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New Mexico State University

New Mexico State University

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NMSU to create and research exergames to get kids moving

When people hear the word videogames, it often conjures images of users sitting on a couch and eating potato chips while shooting enemies on the screen. New Mexico State University plans to change that perception with a four-year grant from the U.S. Department of Agriculture by creating and working with games that encourage physical movement.

Set to start May 1, the $1.5 million USDA National Research Initiative Grant was awarded to the NMSU Cooperative Extension Service to research exergames and their impact, and to develop additional games and nutritional tools. Exergames include games that make users physically active, such as Nintendo's Wii.

"Exergames have the potential to make physical activity fun, bring families together to exercise, and replace more sedentary game play with active game play," said Barbara Chamberlin, extension instructional design specialist and assistant professor.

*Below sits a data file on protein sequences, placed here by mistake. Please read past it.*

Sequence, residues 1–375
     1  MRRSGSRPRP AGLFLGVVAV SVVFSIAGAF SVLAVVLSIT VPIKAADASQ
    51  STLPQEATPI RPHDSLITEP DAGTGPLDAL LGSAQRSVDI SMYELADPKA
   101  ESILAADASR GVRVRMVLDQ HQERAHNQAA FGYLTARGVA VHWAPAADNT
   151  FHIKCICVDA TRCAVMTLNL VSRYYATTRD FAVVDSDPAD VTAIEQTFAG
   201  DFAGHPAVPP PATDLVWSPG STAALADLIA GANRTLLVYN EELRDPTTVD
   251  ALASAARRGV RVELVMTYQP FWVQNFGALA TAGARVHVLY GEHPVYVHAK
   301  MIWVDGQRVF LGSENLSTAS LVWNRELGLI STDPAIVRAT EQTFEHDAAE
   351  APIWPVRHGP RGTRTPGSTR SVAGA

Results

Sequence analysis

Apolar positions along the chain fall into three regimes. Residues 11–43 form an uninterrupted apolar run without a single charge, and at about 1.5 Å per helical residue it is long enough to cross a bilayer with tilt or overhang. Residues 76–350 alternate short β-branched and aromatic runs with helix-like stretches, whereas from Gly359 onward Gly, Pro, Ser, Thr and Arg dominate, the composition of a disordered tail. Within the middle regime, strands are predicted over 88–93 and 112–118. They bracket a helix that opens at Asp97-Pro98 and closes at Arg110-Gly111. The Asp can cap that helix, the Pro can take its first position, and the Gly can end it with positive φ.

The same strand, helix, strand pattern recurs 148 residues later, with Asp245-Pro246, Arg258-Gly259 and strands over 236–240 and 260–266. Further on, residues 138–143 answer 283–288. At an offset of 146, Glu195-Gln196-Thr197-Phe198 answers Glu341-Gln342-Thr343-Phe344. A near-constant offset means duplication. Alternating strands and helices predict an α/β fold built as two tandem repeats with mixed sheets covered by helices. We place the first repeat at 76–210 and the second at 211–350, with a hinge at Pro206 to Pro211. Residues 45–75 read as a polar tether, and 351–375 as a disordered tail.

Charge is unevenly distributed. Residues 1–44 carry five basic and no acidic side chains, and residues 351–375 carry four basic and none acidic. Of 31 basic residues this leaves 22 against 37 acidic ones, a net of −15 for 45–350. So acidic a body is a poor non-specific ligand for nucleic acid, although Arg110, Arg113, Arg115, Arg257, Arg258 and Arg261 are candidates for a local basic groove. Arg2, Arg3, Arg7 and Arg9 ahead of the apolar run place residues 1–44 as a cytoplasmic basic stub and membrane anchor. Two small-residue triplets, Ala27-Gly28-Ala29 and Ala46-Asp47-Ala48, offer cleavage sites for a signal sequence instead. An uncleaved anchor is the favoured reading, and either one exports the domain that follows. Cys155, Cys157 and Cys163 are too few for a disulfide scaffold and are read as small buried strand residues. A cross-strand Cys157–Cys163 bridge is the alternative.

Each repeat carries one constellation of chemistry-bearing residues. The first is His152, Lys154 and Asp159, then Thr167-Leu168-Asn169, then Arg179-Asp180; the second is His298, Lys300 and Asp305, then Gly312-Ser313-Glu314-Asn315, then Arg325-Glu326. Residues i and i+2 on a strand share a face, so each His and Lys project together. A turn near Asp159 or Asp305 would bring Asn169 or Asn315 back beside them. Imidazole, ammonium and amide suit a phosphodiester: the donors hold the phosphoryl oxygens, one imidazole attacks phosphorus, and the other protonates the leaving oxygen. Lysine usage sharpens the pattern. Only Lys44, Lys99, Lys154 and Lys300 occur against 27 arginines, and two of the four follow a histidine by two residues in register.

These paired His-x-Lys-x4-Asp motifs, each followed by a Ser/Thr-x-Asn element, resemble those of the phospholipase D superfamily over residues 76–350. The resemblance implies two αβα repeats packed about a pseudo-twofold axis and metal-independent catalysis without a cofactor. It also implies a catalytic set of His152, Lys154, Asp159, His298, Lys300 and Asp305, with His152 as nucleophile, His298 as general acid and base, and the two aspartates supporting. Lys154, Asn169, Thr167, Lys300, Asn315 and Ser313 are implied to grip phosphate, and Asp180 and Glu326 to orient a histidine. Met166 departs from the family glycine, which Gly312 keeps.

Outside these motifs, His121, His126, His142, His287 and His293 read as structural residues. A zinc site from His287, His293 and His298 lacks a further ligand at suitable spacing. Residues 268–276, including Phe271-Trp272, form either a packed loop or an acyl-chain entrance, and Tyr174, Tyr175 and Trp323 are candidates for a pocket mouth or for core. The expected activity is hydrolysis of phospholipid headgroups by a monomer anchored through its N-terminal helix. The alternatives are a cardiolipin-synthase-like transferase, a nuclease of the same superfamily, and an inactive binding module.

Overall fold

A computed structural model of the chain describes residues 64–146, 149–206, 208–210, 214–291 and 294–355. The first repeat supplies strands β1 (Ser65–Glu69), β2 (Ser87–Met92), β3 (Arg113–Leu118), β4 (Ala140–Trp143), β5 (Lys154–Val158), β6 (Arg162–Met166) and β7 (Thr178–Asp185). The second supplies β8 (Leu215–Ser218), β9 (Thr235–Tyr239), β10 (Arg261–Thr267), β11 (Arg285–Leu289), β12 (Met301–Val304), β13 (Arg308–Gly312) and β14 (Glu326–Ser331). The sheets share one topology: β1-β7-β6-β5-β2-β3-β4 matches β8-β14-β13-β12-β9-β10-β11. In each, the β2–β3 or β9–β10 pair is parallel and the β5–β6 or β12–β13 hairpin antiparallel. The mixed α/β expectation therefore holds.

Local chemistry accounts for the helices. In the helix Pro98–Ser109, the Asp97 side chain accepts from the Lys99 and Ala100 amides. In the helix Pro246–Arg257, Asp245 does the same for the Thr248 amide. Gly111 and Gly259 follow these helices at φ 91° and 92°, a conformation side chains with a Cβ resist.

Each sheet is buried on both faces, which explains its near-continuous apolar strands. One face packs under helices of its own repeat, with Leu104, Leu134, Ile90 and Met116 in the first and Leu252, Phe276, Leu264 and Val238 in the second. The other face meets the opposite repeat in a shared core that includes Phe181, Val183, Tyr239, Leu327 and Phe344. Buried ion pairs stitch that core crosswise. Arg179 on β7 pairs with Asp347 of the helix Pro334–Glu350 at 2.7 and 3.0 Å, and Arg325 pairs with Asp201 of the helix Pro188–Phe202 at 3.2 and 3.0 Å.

NMSU will partner with the Maine Medical Center, located in Portland, Maine; West Virginia University, located in Morgantown, W.Va.; and the University of California, San Bernardino to carry out research on the physical, social and psychological aspects of exergames use.

NMSU media productions faculty and staff will develop new games and a comprehensive guide for programs that would like to use exergames in class or extra-curricular activities. Games and implementation recommendations will be tested with at-risk audiences nationally as part of the grant and USDA's Children, Youth and Families at Risk program.

"We are finding that exergames are popular with all ages, and appeal to a wide variety of different people. Physical activity is so important for kids and adults. When we make exergames, we're able to make videogames a great way of helping people move more, in a way that is a lot of fun," Chamberlin said.